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Baseball players should play, not answer questions, during broadcasts

The broadcasters are trying to interview without distracting, the player is trying to listen while playing and the viewer is trying not to cringe at all of it.

In-game interviews with managers, such as the Cubs’ David Ross, often provide little insight.
In-game interviews with managers, such as the Cubs’ David Ross, often provide little insight.
ESPN/MLB.TV

Dave Roberts has won two National League pennants and five NL West titles as manager of the Dodgers, and I … I have not.

However, we do have something in common: We don’t like in-game player interviews.

To be clear, Roberts was interviewed between innings during games on the Dodgers’ SportsNet LA all season. So he doesn’t seem to mind managers being interviewed. But Roberts is no fan of players being interviewed during games, fearing they’ll be distracted.

Dodgers third baseman Justin Turner agreed to be interviewed in the field for an inning during a wild-card series game last week. It went off without a hitch, but Roberts made his feelings known afterward.

“I think that’s a decision Justin made,” he told reporters. “But I don’t see that happening with our guys going forward.”

In-game player interviews have become more prevalent this season as MLB tries to connect fans with players. Networks have mic’d up players in spring-training games and the All-Star Game to positive reviews. You might recall the show the Cubs’ Anthony Rizzo and Kris Bryant put on for ESPN in March.

But interviewing players in games that matter is out of place. Even with all the downtime during a baseball game, asking players to carry on a conversation while the ball is live is asking a lot, even if they’re willing to cooperate, which MLB and the players’ union have pushed.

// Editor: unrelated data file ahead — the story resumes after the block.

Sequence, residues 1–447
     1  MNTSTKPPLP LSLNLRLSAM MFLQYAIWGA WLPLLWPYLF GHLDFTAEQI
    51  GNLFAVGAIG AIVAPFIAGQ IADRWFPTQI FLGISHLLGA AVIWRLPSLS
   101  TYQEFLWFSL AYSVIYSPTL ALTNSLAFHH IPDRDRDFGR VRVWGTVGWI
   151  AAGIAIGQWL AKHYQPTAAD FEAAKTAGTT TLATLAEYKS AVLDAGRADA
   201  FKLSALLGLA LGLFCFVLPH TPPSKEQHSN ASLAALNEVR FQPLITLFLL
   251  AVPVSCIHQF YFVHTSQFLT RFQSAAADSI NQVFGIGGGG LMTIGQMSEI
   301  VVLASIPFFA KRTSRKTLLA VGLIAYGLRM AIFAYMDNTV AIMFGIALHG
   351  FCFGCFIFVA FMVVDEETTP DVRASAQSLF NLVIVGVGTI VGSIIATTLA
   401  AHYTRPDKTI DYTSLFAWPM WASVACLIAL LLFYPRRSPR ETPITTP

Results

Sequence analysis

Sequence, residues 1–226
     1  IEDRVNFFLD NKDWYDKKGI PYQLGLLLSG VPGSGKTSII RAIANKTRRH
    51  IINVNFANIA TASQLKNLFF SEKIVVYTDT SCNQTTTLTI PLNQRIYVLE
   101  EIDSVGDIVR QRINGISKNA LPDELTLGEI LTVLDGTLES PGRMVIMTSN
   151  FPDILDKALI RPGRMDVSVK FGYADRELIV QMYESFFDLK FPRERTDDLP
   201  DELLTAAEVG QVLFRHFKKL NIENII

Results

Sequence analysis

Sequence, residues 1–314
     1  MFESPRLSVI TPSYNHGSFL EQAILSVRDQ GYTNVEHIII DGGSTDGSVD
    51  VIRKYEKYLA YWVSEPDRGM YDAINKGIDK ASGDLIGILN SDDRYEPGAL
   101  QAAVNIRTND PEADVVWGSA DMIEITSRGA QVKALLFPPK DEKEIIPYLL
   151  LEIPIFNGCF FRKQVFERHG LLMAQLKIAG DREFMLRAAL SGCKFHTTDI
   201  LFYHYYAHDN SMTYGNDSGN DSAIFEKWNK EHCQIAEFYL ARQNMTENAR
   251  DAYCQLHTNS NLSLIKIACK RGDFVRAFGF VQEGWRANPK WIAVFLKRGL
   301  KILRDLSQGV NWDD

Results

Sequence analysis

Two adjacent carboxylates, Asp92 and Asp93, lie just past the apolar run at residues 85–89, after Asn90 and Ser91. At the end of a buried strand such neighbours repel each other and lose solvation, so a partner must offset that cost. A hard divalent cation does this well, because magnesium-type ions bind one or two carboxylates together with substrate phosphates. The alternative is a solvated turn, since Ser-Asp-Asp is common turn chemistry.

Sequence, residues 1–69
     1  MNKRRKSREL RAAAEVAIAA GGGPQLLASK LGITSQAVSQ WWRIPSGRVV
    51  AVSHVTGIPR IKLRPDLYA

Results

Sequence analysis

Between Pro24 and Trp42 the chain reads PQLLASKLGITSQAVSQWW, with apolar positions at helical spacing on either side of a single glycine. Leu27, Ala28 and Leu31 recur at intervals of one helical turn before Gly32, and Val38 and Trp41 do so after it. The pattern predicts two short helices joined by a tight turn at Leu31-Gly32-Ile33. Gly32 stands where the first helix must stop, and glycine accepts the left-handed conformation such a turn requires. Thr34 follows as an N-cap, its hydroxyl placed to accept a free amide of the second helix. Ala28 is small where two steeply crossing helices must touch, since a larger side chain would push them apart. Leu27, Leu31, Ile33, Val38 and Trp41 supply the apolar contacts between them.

During a Cardinals-Cubs game last month, Cardinals shortstop Paul DeJong was mic’d up on the field for an interview with ESPN’s Matt Vasgersian and Alex Rodriguez. As DeJong went for a grounder, the earpiece popped out, and he bobbled the ball. After the game, he said he lost his concentration.

DeJong still said he enjoyed the interview, but it’s an awkward situation for everyone. The broadcasters are trying to interview the player without distracting him, the player is trying to listen to and answer questions while playing and the viewer is trying not to cringe at all of it.

I suppose it was interesting to learn about DeJong’s science background and his experiment with the effect of temperature on baseballs. But networks have developed a bad habit of detracting from the game, ESPN in particular, and these interviews can break the flow of a broadcast.

They also can cause trouble. During Game 3 of the White Sox-Athletics wild-card series last week, A’s center fielder Ramon Laureano dropped an F-bomb that ESPN’s censors missed and other cuss words that were caught.

Laureano had the misfortune of having three balls hit his way while being mic’d. You might think that’d be good for the broadcast, but play-by-play voice Dave Flemming went silent on those plays to not distract Laureano or talk over anything he might say. At least one of them could have used description.

Networks can stop interviewing the managers, too. The skippers have too much running through their mind and offer little of import. Cardinals manager Mike Shildt abruptly ended an interview in that Cardinals-Cubs game, saying, “Hey, guys, I gotta go manage,” as Harrison Bader hit a leadoff double.

If the broadcasters do get a question in, they can waste them. During Game 2 of the Marlins-Cubs wild-card series last week, ESPN’s Jon Sciambi asked manager David Ross about his gaiter and told him he couldn’t tell him and pitching coach Tommy Hottovy apart when they each wore one.

I like Sciambi, but what was the point of that?

Interviews belong before and after baseball games. Networks’ need to fill downtime with them is misplaced. They should take the sensible approach: Just call the game.